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Opportunities for the Modern Data Stack

The modern data stack (MDS) is the defining paradigm informing how new organizations use technology to leverage data. Lots of digital ink has been spilled, and takes are growing ever spicier on all things MDS. Here’s a more benign one:

The Modern Data Stack currently focuses too much on tooling and would be more effective if it refocused on the humans using the tools. In particular, the MDS ecosystem doesn’t currently address implementation, tool adoption and certain other non-technical oriented endeavors that are critical for long term value generation. As a result, stakeholders will forever complain about the lack of value they’re deriving from their data teams.

The Modern Data Stack largely focuses on technological solutions, some process improvement, and says very little about how people actually use data. I think there are two broad reasons:

  1. Engineering problems are easier than messy, human problems
  2. The Modern Data Stack is crafted with an engineering bias, perhaps because it’s easier (per the point above) or, because of where data sits in the engineering <–> business spectrum.

As Michael Kaminsky puts it (in our Slack chats on LO):

…data is unique compared to software in that data sits right where the software meets the meat-ware in an organization. To the extent that MDS tooling has been driven by “classical” software engineers, it’s reasonable for them to only think about the left-hand-side users of the tools (other computer systems, presumably reasonable software engineers) and not the right-hand-side users (the business that works in a political environment where the “right” decision cannot be logically deduced). So companies building tools in the data space need to make sure that they’re meeting those needs instead of just the systems-engineering needs.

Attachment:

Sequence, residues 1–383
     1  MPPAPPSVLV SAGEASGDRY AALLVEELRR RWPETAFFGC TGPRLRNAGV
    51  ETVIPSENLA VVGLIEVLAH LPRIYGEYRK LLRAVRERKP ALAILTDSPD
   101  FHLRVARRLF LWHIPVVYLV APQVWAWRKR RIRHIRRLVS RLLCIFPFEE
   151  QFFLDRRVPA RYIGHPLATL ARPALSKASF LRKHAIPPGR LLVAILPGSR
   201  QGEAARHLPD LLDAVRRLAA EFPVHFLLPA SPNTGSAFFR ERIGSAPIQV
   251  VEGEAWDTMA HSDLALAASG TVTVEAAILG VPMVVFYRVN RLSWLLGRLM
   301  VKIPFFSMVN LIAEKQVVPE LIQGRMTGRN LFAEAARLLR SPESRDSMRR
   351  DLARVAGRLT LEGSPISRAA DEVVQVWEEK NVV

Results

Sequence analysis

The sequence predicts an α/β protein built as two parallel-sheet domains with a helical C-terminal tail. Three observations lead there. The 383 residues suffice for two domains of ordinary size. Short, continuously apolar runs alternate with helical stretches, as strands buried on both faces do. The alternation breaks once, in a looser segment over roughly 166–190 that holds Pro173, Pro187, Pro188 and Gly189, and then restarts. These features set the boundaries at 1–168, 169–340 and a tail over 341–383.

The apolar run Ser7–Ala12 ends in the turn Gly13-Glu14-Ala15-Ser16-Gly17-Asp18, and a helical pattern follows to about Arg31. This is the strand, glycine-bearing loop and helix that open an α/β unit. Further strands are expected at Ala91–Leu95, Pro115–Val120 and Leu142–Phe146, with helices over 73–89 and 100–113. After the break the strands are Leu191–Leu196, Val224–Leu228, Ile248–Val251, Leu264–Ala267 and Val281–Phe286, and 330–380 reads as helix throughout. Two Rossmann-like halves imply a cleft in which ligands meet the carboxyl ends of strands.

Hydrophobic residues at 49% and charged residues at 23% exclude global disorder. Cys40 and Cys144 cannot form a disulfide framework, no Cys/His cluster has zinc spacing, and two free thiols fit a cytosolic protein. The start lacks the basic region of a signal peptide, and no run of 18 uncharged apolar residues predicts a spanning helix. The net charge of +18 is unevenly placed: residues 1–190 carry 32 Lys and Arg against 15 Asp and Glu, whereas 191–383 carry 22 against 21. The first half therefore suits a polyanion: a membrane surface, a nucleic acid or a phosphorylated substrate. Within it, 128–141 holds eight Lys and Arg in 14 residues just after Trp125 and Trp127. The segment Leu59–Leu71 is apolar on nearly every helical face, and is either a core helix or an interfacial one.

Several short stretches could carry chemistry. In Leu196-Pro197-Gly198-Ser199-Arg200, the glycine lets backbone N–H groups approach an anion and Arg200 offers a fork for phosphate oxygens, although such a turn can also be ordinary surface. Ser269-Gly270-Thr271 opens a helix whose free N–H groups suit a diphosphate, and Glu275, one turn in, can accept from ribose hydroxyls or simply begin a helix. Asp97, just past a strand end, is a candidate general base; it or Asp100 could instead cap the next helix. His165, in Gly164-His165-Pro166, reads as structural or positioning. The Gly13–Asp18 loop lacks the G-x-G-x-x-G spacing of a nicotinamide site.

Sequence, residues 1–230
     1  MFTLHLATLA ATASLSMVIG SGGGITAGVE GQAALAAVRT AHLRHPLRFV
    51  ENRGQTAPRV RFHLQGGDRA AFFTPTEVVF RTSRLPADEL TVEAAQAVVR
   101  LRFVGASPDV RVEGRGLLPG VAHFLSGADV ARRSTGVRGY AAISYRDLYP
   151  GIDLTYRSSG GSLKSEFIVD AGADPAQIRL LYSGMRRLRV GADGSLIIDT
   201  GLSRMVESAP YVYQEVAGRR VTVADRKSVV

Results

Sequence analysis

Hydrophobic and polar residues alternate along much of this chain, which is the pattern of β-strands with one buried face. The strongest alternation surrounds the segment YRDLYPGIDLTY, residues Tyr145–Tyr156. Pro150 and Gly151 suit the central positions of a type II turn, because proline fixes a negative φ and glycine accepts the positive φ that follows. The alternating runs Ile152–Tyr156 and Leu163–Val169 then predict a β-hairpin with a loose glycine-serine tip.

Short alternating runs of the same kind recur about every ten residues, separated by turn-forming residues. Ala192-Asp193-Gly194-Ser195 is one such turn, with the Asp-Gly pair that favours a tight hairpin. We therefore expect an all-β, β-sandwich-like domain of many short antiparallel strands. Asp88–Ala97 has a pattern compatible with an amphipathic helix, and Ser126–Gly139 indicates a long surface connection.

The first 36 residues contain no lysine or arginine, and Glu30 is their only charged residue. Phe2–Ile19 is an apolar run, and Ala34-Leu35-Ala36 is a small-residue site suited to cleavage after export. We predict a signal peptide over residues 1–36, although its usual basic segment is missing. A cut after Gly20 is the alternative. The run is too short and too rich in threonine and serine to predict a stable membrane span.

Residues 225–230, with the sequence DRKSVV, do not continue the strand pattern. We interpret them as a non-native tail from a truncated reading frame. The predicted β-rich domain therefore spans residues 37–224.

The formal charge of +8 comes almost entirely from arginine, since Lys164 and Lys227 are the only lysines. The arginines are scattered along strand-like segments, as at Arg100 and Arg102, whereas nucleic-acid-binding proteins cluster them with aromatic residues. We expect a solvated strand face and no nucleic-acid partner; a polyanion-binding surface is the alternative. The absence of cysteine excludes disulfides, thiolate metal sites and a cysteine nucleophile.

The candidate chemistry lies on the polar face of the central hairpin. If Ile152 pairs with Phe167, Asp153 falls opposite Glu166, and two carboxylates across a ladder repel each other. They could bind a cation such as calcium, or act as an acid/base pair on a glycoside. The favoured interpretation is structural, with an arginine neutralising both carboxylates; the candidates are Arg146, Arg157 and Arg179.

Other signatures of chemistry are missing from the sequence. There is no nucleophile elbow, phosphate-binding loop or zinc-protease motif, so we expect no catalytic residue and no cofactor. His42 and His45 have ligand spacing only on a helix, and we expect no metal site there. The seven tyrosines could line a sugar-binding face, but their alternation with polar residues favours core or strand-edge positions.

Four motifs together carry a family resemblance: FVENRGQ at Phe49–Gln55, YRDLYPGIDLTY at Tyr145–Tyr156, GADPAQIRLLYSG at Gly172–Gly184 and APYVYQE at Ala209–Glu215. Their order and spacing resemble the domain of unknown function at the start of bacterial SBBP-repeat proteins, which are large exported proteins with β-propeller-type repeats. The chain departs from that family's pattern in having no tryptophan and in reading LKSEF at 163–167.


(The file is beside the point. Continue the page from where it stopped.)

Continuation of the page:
For example, the MDS is great at offering solutions to specific classes of problems:

These, and others, are great capabilities that I’m glad smarter folks than me are building. That said, these siloed solutions need to be integrated, not simply in a technology stack, but into an organization’s processes and culture. A metrics layer is only going to solve the debate that Marketing and Growth have about your LTV / CAC ratio when paired with people and process changes, since it’s as much (if not moreso) a human-oriented, biased decision making process, as an objective, technological one. Real change happens when people build consensus, take stock of their actions/implications and iterate, with tech setting the stage for the conversation.

That said, why else do we bother with this if not to drive value? If we want the MDS to help organizations become data-driven (or data informed or whatever), we need to address the people-oriented considerations that are dependent on, or a consequence of, what the MDS enables.

As someone who, in part, helps organizations configure and use the tools in the MDS, I’ve observed a few areas in which I believe we as a data community can bridge the gap between narrowly focused, strictly technological solutions, and human-oriented endeavors; the latter which span business functions and take many months for feedback, and is necessary for value creation.

Painless migrations

The Modern Data Stack provides an obvious and easy solution for organizations buried in manual, Excel-based workflows (caveat: sometimes Excel is the best solution for certain problems).

However as the teams and complexity of an organization grows, it becomes harder to wean folks off their favorite workflow. Take a migration from a collection of SQL scripts to dbt as an example. Some considerations include: